Mark Kochanski -link to bio on CSS program page
Alka Kurian - link to bio on School of IAS program page
Jo Lacher worked in theatre for ten years, up and down the West coast, as an actor and choreographer before returning to college to complete her BA in Theatre with a minor in Journalism from the University of Nevada Reno. Beginning her artistic career as a singer, she often made the rent by recording jingles for local and regional businesses. Jo initially taught acting and American Dramatic Literature classes for Western Washington University while earning her Masters degree in Theatre/Directing. Since entering the world of higher education as an employee, she has had little time for acting, but has kept herself involved by directing whenever possible. Most recently she directed a very successful production of "Forever Plaid" for the Idaho Rep and assisted the UWB Mind's Eye Performing Arts Club by directing "The Vagina Monologues" in spring 2010. Her current interests include a study of contemporary Irish Dramatic Literature and performance and serving as a Commissioner for the City of Duvall Cultural Commission. Jo works as an advisor for CUSP students as well as teaching acting classes as a lecturer for UWB.
Kristy Leissle - link to bio on School of IAS program page
Kari Lerum (PhD Sociology) is an Associate Professor of Interdisciplinary Arts & Sciences & Cultural Studies at University of Washington, Bothell, and an adjunct Professor in Gender, Women, and Sexuality Studies at University of Washington, Seattle. Her scholarship centers on the critical study of social inequality, focusing on the intersections of sexuality, institutions, and culture; her articles have appeared in Gender & Society, Sexuality & Culture, and Journal of Sex Research, and she is currently writing a book called Sexuality: the Basics (Routledge UK). She teaches undergraduate and graduate courses in topics related to sexual health, culture and institutions, multi-media storytelling, and research methods.She serves on the board of directors for the Pat Graney Prison Transition program, and is a blogger for Ms. Magazine, Sexuality & Society, and RhReality Check.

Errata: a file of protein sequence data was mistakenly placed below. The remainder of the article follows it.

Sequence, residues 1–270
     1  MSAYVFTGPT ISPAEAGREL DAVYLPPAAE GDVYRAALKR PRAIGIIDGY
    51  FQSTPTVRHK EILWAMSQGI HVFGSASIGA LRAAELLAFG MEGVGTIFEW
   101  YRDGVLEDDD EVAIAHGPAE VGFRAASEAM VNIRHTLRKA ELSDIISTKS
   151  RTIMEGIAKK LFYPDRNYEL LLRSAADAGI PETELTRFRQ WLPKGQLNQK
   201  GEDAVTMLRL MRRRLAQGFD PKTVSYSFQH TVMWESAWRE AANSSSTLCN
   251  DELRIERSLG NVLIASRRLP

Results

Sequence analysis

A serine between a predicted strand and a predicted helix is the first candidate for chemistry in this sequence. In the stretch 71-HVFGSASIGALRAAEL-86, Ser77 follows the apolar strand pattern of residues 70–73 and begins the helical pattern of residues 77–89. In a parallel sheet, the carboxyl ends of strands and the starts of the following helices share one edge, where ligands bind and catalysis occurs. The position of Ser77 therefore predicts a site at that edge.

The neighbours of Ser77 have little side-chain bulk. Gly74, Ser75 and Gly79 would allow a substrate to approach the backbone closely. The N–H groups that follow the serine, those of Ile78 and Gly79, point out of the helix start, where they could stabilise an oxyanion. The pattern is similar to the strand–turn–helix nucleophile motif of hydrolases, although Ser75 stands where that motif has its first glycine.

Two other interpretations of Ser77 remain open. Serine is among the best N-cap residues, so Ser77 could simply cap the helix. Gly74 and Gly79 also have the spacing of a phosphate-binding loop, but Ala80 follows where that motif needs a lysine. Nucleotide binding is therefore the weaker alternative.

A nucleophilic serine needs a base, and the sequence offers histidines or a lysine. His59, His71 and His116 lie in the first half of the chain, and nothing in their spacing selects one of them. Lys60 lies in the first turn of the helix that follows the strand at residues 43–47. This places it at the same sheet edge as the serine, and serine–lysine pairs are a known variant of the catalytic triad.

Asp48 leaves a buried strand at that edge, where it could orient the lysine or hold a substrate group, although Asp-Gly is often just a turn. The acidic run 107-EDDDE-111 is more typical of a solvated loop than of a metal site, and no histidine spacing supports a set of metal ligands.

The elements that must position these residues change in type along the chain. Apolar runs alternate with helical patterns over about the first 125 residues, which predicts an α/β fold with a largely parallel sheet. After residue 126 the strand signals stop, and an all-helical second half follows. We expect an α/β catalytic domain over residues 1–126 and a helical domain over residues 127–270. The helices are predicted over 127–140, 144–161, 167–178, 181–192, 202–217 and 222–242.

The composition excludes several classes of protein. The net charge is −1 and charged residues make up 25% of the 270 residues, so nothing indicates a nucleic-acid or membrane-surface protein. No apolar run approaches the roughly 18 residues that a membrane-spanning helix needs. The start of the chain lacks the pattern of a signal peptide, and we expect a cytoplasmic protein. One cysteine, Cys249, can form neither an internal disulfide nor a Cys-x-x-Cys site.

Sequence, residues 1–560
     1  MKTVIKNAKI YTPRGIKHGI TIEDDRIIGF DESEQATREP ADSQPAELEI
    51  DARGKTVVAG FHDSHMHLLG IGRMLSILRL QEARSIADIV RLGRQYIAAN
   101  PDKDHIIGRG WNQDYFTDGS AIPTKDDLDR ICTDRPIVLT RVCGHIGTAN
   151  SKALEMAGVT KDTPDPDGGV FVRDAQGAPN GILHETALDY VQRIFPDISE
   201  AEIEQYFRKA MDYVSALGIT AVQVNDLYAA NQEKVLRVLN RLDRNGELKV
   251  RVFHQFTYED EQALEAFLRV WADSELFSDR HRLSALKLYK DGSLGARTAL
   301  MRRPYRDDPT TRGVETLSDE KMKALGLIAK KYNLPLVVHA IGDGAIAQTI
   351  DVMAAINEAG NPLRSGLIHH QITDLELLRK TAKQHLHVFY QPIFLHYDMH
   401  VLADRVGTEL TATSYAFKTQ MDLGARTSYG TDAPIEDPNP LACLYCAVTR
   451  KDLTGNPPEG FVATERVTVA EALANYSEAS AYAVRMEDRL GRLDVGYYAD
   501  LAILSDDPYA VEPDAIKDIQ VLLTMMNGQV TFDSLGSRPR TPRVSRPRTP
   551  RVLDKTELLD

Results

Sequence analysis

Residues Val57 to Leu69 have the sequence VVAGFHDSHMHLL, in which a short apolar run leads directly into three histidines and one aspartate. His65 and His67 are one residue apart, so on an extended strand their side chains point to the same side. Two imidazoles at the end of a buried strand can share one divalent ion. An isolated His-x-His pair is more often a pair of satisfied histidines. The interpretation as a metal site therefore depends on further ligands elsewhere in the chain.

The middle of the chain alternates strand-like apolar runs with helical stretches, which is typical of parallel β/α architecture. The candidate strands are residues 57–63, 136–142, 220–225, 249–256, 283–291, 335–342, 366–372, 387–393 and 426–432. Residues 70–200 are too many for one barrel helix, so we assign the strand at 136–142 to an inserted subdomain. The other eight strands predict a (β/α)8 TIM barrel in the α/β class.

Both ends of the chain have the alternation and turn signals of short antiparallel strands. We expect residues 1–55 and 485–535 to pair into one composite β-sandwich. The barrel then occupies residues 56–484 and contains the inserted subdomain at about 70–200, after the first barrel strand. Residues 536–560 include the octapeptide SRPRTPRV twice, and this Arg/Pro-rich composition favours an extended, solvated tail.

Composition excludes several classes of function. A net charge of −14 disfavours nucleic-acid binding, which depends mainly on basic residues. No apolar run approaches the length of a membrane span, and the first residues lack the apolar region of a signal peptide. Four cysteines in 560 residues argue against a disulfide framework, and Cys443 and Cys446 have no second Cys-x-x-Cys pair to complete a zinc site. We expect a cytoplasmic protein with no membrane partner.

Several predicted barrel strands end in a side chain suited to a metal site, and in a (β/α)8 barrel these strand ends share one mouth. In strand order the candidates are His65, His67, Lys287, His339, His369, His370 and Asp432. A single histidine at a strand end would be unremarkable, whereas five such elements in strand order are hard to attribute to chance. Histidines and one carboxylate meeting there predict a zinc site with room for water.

Peter Littig earned his Ph.D. in Mathematics from the University of Washington. In his teaching, he creates affirmative learning environments in which he and his students engage in scholastic inquiry and seek to connect course content to life beyond the walls of the classroom. As a scholar, Peter is committed to engaging in research that links theory to experience, that illuminates the connections between disciplines, and that sustains intellectual curiosity. His primary research interests are in algebraic topology, Lie theory, the historical development of mathematical thought, and the sociology of mathematics.
Young Min - bio link UWB Education Program.
Barry Minai has been teaching at the University of Washington Seattle campus since 1979. While working on his PhD, he was hired as a math instructor for the Office of Minority Affair's Instructional Center, the academic branch of the Educational Opportunity Program. In the early 1990's he became the assistant director, and in 2001, became the director of the UWS Office of Minority Affairs Instructional Center. However, the majority of his time continues to be dedicated to teaching math and sometimes economics. Barry's principle mathematical interests are math education and mathematical economics
Pete Nye earned an MBA from Cornell University (1982) and a Ph.D in Business Administration from Duke (1992). He is a founding faculty member in the Business Program at the University of Washington Bothell, where he teaches marketing research, statistics, negotiations and business ethics. His research in economic psychology and managerial decision-making is published in Organizational Behavior and Human Decision Processes, The Journal of Business Research, The International Journal of Conflict Management, and Psychology & Marketing. He is particularly interested in biases in judgment, conflict management, and the resolution of ethical dilemmas.